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croutonkid94
April 24th, 2010, 08:19 PM
So I have set up Ubuntu on my parents' computer and made two user accounts; one for me and one for them. At my dad's urging, both are administrator accounts. His is set for "Automatic Login" (yes, I do know that is rather stupid but he did it on Windows and wants it now).

Now we have a 320GB external hard drive formatted completely in NTFS and I have used ntfs-config to set it up. When he auto-logs in, it is mounted under /media with him as owner and mode 700. If I then log him out and log in under my account, the folder does not get chown'ed to me and the mode remains 700. Is there any way to fix this? Thanks in advance.

--Harrison

coffeecat
April 24th, 2010, 11:55 PM
I don't have much experience of ntfs-config (I edit fstab manually for NTFS partitions) but when I did try it, I thought the options field that it set up in fstab unnecessarily complicated. Have a look at the ntfs line it has generated in /etc/fstab and see what it has put in the fourth field. If you need help, post the whole contents of /etc/fstab:


cat /etc/fstabFor NTFS, I find a simple:


device mountpoint ntfs defaults 0 0... works just fine and that should allow all users to access files OK. (By the way, you can have 'ntfs' or ntfs-3g' in the third field. It makes no difference - the ntfs-3g driver is used either way.) One seeming oddity of mounted NTFS partitions is that all files appear to be owned by root. That's because NTFS doesn't support Linux permissions and user access is determined by the mount options. Hence a simple 'defaults' is probably best. Have a look also at:

https://help.ubuntu.com/community/Fstab#File%20System%20Specific%20Examples

... which simply adds a locale option.

One other thing to look at is the ownership of whatever folder in /media is being used as the mountpoint. It should be owned by root. If ntfs-config has chowned it to your father's ownership, that might explain part of the problem.

croutonkid94
April 25th, 2010, 03:28 PM
Thanks for the reply.

This is interesting; there is no line for the device in /etc/fstab. It shows up in /etc/mtab as:

/dev/sdb1 /media/SignatureMini fuseblk rw,nosuid,nodev,allow_other,default_permissions,bl ksize=4096 0 0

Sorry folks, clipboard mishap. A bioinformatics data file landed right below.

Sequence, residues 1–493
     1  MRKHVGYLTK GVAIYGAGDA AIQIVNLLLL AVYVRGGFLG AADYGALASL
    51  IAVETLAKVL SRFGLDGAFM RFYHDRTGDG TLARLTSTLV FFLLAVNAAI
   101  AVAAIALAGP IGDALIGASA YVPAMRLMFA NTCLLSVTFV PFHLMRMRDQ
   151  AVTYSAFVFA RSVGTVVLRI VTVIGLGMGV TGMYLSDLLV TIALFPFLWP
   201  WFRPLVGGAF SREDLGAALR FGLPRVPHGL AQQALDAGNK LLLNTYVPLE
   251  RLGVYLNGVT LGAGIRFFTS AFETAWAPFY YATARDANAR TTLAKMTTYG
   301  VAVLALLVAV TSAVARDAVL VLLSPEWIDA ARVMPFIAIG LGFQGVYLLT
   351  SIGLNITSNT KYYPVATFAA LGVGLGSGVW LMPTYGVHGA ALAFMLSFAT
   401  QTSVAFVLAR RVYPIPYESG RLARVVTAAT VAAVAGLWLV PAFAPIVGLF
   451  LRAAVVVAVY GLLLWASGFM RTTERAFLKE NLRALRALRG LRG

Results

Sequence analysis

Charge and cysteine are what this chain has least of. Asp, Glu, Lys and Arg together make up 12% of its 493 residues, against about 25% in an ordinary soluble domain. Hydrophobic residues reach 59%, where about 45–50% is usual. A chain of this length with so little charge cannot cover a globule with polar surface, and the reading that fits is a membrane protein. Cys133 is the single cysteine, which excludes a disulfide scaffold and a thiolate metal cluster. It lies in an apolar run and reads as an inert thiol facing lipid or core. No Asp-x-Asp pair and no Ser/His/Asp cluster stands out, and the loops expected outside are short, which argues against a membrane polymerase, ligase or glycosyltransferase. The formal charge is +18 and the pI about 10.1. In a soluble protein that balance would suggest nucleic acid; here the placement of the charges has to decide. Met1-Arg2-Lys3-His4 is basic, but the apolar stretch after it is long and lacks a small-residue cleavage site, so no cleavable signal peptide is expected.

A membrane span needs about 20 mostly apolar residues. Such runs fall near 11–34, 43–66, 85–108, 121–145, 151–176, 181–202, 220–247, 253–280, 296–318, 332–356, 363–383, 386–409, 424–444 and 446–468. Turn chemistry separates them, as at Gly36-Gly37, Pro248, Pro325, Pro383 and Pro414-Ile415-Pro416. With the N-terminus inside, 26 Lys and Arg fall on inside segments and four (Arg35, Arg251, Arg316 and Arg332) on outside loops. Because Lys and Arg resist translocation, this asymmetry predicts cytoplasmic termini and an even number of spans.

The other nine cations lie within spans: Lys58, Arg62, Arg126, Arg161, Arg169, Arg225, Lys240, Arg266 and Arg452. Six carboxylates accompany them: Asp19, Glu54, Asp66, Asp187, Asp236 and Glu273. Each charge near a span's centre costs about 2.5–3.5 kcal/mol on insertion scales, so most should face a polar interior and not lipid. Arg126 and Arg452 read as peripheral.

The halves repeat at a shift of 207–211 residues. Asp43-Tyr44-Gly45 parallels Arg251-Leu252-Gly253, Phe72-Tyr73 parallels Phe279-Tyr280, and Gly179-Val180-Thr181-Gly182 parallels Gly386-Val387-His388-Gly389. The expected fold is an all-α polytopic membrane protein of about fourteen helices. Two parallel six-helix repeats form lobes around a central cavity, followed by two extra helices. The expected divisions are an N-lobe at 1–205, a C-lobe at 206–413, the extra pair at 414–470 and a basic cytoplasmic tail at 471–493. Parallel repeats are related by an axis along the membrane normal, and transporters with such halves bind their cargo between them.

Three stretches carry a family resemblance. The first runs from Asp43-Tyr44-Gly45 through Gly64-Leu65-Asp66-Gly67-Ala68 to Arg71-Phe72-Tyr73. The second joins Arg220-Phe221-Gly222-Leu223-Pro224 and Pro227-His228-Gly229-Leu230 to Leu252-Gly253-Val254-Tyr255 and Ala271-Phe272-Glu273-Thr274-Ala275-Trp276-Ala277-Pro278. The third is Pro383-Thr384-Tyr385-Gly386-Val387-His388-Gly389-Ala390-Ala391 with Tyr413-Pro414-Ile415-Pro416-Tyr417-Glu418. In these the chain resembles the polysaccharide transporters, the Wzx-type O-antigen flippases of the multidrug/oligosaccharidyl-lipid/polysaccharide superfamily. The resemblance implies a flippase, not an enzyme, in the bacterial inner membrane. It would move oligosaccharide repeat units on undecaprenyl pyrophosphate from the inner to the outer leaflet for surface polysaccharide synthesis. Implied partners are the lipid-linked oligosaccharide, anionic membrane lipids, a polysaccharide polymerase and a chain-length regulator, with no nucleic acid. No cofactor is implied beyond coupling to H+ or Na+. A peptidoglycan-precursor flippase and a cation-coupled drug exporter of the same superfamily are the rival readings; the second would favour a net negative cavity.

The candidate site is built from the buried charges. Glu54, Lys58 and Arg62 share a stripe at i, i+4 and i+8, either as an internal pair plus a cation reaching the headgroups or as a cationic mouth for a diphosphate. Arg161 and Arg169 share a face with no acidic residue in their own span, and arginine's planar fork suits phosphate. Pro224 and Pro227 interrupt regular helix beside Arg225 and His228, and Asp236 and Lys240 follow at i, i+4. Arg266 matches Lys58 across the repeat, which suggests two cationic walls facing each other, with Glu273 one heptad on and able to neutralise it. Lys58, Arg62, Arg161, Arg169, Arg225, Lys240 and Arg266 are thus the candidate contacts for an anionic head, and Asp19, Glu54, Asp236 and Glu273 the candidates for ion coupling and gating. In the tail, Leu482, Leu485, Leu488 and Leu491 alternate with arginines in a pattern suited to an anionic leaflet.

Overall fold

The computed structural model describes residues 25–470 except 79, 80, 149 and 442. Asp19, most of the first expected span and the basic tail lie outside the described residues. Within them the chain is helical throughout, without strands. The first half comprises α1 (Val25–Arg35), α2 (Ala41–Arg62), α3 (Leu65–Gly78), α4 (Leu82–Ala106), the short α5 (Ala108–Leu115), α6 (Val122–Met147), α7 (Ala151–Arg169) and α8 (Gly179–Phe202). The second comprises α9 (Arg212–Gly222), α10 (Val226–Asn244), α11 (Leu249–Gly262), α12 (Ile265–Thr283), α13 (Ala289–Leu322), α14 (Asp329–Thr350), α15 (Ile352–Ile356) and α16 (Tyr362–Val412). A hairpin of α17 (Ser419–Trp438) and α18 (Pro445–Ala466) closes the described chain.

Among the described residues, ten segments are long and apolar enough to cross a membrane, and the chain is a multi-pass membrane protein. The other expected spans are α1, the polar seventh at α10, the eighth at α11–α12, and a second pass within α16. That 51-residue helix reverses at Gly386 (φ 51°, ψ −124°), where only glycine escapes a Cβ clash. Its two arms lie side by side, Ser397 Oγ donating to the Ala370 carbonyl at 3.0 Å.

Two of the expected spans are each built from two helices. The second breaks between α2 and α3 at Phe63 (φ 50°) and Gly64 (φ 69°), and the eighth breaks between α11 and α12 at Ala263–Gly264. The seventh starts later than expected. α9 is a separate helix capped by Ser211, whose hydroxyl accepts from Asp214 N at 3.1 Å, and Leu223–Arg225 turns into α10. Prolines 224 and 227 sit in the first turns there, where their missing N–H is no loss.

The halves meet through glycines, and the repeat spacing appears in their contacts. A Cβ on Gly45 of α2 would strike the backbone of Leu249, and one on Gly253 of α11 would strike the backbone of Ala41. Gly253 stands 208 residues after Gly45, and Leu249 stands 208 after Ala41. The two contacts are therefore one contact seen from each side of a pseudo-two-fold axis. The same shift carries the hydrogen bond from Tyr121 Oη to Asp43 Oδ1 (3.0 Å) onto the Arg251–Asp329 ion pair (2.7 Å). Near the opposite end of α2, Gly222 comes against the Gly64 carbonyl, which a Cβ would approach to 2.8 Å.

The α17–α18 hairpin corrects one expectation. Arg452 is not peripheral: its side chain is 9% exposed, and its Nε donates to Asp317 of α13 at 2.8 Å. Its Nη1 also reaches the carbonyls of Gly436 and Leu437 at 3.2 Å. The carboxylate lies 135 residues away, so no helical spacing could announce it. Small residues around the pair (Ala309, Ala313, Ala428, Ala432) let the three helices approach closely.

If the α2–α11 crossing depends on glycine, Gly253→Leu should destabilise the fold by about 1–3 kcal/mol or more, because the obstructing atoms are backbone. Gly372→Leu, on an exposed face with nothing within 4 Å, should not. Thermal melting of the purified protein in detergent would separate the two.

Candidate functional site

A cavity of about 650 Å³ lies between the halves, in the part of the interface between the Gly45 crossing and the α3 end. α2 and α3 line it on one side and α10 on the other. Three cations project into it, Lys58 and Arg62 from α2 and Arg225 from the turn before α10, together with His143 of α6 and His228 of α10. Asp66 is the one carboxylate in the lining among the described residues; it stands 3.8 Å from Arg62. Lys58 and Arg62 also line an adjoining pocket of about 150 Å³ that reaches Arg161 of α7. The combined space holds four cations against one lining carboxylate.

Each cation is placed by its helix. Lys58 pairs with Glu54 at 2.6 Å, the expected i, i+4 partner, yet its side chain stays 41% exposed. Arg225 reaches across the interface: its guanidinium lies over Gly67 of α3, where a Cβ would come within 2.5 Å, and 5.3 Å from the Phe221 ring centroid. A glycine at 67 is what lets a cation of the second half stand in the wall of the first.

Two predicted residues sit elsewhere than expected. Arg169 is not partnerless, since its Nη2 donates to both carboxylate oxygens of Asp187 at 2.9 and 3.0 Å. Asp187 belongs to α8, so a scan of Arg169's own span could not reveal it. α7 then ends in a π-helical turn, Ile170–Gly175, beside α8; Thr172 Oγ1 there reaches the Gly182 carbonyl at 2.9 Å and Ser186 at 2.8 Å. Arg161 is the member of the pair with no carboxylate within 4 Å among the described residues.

Now I'm not great with these types of things but it seems that I need to copy it over to /etc/fstab and remove "default_permissions", possibly. I am also confused by the filesystem type being specified as "fuseblk", which I'm assuming is some special fs type. I'll try your line right now.

Thanks,
--Harrison

EDIT: With your line, it mounts fine. I had to mkdir the target directory, but I seem to have permissions. Thanks!

coffeecat
April 25th, 2010, 03:56 PM
EDIT: With your line, it mounts fine. I had to mkdir the target directory, but I seem to have permissions. Thanks!

Excellent. Using fstab is probably the way to go so long as the external drive is already switched on when you boot up, but a couple of comments and questions.

First - a couple of apologies. My memory of ntfs-config must be a bit awry. :oops: It must be creating dynamic entries in mtab as it goes. Also, I see now that you are mounting an external drive formatted NTFS. For some reason I read that last night as an internal partition (it was late) which is why I was thinking of /etc/fstab. But I seemingly managed to get to the right answer for the wrong reason! :|

Out of curiosity, why were you using ntfs-config for an external drive? My memory of ntfs-config was for an internal partition, so perhaps it does modify fstab for them. Anyway, with an external drive udev should take care of automounting an NTFS drive whether already running at bootup or when connected to a running desktop. Out of interest, I tried attaching an external NTFS drive, allowing it be automounted, and then logged out and in again into another (non-admin) account. The drive didn't appear anywhere even though still running, and I had to switch it off and on again for it to be remounted in the new account. Ditto when switching back to my main account. But I was able to access the drive in both accounts. As automounting of external drives comes in the box, so to speak, courtesy of udev, was there a reason for installing ntfs-config?

croutonkid94
April 25th, 2010, 04:17 PM
Well, the drive was mounting fine, but I couldn't get it to give me write permissions on the drive without being root. I looked around aptitude and found ntfs-config, which seemed to at least let me write to the drive. I also have a dual-boot setup, which I originally planned to use ntfs-config for. Thanks again for the solution.

--Harrison